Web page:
Need Help? (410) 625-9409

COVID-19 Resources

The COVID-19 (also known as the coronavirus) pandemic has shaken the lives of Marylanders in many ways. You may be concerned about your health, income, or home. We’ve compiled answers to some frequently asked questions in the links below. While the PJC’s office is closed, we are still working. If you are seeking legal assistance or advice, please contact us by phone at (410) 625-9409.

Workers’ rights and COVID-19 / Derechos del trabajador y COVID-19

Have questions about sick leave, unemployment insurance, or other issues relating to workers’ rights during this crisis? Check out these resources.

Housing and COVID-19 / Alojamiento y COVID-19

Get answers to questions about tenants’ rights, utilities, evictions, and other housing issues.

Health rights and COVID-19

Information about accessing healthcare

 

For more information about COVID-19, please visit:

Centers for Disease Control (CDC)

World Health Organization (WHO)

The Office of Governor Larry Hogan

Maryland Department of Health

Baltimore City Health Department

County Health Departments throughout Maryland

Maryland Access to Justice Commission

Information on free legal help, changes in court procedures, housing, utilities and other essential services, unemployment, immigration, and domestic violence.

Families First: COVID-19 Constituent Resources Toolkit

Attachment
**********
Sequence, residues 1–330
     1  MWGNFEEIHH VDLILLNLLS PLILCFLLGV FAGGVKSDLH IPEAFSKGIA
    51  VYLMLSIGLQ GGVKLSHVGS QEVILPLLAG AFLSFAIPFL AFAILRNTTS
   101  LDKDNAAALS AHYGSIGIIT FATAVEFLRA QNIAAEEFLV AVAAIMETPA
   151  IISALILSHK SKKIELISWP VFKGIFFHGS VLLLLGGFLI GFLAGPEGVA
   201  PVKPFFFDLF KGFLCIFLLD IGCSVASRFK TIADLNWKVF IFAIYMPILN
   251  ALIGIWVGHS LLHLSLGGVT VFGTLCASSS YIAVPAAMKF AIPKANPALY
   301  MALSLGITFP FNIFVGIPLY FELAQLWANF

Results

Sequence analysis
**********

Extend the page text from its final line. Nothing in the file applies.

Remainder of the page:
Toolkit from the office of the Speaker of the U.S. House of Representatives Nancy Pelosi about benefits and protections available to help individuals and communities deal with the pandemic.

Information about eligibility for SNAP benefits, from Maryland Hunger Solutions

 

When a person’s basic human needs are at stake, such as those involving their home, income, health care, or children, a lawyer can help protect what matters most. But in the United States, there is no federal right to state-funded counsel in civil cases. While all states provide a right to counsel for some types of civil cases by either statute or court decision (or both), the laws are patchwork and incomplete. Consequently, roughly 80 percent of the civil legal needs of low-income individuals go unmet, and half of those who seek assistance from civil legal aid organizations are turned away due to lack of resources.

At the same time, low-income individuals routinely face opponents (the government, landlords, banks, and so on) who are represented. Studies have shown that this disparity in representation leads to unbalanced outcomes, and that the presence of counsel dramatically improves a person’s chances for success while saving money for cities and states by avoiding negative outcomes, such as the use of homeless shelters, emergency medical care, unemployment, and foster care.

As the operator of the National Coalition for a Civil Right to Counsel (NCCRC), the Public Justice Center supports efforts across the country to establish the right to a lawyer for low-income individuals in civil cases involving basic needs. The NCCRC provides significant technical, research, and writing support to over 300 coalition participants and 200 partners in 40 states, maintains the national clearinghouse of information on civil right to counsel, and engages in public advocacy and awareness throughout the country.